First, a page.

High blood pressure isn’t just a problem for grown-ups.

Five in 100 children have higher-than-normal blood pressure, according to the American Academy of Pediatrics. Usually, there is some underlying cause, such as an illness or other medical condition.

But for children 7 and older, half of all hypertension is caused by obesity, according to the academy, a rising concern as childhood obesity has doubled in the past 30 years, figures from the Centers for Disease Control show. Now, one-third of children and teens are obese or overweight, the CDC says.

At the recent Blood Pressure 4 Kids Fishing Derby at Cabela’s in Gonzales, 135 youngsters were screened, and 19 had higher-than-normal blood pressure and were advised to see a doctor, said Celeste Goodwin, president and founder of the Prairieville-based National Pediatric Blood Pressure Awareness Foundation, which sponsored the event.

“Just like an adult, if you leave hypertension untreated, it’s going to cause issues down the road,” said Goodwin. “It’s going to affect your heart. It’s going to affect your kidney function. No matter what causes it, your organs are going to be damaged from hypertension.”

Most children do not get their blood pressure checked regularly, even at the doctor’s office, Goodwin said.

“For many years, it was thought that hypertension was an adult-only condition,” she said. “It was not something that really affected children in the numbers that it does.”

Goodwin started the nonprofit foundation after her son, Matthew, now 12, nearly died from an undiscovered condition as a 4-year-old. Because his blood pressure had not been checked, doctors did not discover the illness.

When Matthew was 4, he had his tonsils removed and tubes put in his ears — both common procedures. The week before the surgery, during a pre-operation checkup, his blood pressure was high.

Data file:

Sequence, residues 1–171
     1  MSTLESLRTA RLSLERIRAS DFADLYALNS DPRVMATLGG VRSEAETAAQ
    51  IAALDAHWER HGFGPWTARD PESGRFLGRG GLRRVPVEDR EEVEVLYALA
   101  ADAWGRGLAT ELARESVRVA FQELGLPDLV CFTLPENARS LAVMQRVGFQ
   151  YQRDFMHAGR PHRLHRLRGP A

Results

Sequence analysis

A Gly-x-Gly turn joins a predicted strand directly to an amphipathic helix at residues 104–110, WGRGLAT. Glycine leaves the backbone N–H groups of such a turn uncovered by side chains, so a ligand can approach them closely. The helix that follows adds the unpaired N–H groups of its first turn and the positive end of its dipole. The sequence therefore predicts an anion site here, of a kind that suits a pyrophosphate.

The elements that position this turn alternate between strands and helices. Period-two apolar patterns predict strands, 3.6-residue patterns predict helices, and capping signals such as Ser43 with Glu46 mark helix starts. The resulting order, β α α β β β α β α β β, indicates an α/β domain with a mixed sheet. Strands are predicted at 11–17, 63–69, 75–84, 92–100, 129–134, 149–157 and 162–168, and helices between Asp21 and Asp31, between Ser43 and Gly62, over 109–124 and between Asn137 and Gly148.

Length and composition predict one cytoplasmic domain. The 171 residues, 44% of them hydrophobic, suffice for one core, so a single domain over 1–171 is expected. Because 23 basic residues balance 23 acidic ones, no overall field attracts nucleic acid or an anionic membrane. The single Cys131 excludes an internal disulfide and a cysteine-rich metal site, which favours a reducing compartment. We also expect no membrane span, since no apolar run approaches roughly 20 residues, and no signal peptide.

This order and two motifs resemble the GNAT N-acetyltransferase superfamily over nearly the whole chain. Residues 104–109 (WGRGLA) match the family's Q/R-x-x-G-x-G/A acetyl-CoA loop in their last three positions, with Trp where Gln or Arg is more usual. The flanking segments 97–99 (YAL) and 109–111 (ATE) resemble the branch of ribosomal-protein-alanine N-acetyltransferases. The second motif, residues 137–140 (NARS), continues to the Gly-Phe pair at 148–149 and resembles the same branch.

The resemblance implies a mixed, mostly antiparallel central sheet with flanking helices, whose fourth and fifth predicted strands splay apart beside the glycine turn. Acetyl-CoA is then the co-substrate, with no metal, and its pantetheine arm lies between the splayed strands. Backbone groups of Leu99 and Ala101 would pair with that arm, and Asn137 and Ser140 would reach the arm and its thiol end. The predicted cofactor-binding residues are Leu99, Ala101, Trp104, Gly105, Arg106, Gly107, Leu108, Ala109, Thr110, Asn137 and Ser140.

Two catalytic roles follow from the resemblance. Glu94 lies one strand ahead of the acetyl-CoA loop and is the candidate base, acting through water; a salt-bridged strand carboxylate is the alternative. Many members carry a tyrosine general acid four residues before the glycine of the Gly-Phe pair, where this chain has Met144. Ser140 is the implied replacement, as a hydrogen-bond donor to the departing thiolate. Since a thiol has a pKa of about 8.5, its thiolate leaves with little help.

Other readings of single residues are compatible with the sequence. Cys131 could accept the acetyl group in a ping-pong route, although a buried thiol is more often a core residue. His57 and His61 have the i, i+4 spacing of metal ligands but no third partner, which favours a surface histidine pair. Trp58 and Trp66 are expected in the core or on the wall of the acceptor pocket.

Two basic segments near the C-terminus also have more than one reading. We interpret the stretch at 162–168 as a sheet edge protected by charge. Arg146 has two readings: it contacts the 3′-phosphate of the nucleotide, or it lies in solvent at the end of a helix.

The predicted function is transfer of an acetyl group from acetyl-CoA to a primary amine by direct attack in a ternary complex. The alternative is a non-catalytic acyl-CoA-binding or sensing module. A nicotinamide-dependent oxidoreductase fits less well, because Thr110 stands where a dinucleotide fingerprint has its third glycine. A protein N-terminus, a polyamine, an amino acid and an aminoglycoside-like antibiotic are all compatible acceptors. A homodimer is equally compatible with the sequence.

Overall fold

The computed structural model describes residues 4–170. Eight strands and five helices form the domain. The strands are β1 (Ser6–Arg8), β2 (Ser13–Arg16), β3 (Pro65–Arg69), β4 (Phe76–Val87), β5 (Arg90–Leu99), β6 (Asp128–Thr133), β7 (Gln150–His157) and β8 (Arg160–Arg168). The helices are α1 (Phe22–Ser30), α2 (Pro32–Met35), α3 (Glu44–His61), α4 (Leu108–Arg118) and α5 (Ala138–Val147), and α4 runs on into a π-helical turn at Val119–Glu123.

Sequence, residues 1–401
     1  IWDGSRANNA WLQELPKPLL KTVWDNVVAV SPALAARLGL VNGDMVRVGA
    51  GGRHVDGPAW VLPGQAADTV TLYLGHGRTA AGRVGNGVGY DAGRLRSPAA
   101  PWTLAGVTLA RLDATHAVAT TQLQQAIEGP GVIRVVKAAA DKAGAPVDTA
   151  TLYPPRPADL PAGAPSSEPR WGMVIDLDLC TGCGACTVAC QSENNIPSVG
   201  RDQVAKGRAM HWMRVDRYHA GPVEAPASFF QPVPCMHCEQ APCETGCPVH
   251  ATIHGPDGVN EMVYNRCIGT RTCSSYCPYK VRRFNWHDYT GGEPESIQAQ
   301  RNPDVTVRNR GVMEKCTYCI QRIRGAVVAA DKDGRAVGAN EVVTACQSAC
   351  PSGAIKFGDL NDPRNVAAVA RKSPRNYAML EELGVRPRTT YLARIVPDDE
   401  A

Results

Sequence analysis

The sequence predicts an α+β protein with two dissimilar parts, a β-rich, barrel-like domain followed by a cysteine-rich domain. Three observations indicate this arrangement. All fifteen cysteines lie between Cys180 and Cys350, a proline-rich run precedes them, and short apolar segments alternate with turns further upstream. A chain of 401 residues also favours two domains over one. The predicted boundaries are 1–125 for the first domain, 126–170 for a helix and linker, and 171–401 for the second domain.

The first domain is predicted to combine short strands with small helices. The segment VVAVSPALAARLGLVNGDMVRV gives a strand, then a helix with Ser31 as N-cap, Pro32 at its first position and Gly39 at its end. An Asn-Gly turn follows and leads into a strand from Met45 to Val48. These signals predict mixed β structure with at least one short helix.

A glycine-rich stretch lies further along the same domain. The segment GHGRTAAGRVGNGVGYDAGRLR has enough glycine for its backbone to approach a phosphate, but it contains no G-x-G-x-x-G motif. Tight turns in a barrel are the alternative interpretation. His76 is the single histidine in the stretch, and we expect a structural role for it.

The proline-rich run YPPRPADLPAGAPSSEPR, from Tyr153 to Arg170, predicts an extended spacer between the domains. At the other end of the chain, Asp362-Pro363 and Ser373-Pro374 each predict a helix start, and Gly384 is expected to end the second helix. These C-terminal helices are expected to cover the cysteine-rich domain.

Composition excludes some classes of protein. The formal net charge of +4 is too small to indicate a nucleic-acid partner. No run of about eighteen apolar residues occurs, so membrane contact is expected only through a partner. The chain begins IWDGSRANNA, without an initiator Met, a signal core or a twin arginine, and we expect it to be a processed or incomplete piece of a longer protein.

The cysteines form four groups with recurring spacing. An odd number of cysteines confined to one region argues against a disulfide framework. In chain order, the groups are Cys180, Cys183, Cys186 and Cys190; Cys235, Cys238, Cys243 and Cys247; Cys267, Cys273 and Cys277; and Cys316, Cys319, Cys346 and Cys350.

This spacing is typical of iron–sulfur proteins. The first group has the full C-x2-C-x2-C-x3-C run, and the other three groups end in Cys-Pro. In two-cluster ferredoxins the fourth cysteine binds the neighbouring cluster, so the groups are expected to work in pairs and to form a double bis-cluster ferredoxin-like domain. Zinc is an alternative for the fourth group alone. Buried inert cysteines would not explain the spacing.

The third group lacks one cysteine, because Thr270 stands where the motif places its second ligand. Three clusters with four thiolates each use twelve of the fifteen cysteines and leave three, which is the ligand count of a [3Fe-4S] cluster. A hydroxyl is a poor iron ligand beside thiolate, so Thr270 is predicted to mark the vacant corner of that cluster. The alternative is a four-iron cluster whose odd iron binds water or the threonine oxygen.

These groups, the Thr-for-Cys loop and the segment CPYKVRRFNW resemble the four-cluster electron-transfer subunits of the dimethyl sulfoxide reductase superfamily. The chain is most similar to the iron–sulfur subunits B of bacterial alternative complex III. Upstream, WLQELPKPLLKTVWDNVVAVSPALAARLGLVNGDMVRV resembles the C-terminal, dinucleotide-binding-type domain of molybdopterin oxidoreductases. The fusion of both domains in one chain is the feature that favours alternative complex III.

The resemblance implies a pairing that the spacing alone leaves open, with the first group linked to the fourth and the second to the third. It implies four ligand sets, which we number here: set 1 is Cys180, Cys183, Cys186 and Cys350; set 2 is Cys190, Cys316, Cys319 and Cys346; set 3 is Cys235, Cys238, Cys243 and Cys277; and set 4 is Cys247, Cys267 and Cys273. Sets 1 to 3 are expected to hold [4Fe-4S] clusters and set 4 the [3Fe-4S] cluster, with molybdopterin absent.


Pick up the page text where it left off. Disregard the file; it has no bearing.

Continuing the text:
“It was a little elevated at that time,” Goodwin said. “The nurses dismissed it, saying he was anxious or nervous about the surgery coming up.”

About six hours after the surgery, he started vomiting and was rushed to the emergency room. His blood pressure spiked to 195 over 135, a dangerous level for anyone, especially a 4-year-old.

Over a few days, doctors ran tests and at Children’s Hospital of New Orleans. They found that Matthew had renal artery stenosis, a narrowing of arteries to the kidneys that causes high blood pressure.

Doctors bluntly explained that Matthew could have died of a stroke or a heart attack if the condition had gone undetected much longer. At 5, he was about to start playing sports, and a baseball or soccer game in the heat could have killed him.

“It gives me chills to think about what would’ve happened had we not found out about it,” Goodwin said. “You put him out in the heat in those conditions.”

Most pediatric high blood pressure is caused by a secondary condition — a heart defect, polycystic disease or a kidney disease like Matthew’s. Elevated blood pressure is a signal to doctors something is wrong.

In recent years, the American Academy of Pediatrics and the American Heart Association began recommending children get their blood pressure checked beginning at age 3, and more doctors are checking it regularly, Goodwin said.

The youngsters who came to the Cabela’s event also got to try their luck in a $10 fishing tournament. The foundation uses the money to hold blood pressure screenings in area schools. A screening and meet-and-greet with “Swamp People” reality television stars she held in Paducah, Kentucky, a couple of years ago drew 5,000 people, she said.

Her mission, Goodwin said, is to ensure other families do not have to be surprised by a major illness like Matthew’s. “We just knew this was not something we wanted another family to have to endure,” Goodwin said.

In most ways, Matthew lives a normal life. He sees a doctor regularly, takes a few pills a day and watches sodium in his diet. He hopes the blood pressure screenings like the fishing derby help more children stay healthy.

“Every time you do something like this,” Matthew said, “it’s a reminder that this is something positive that came out of me being sick.”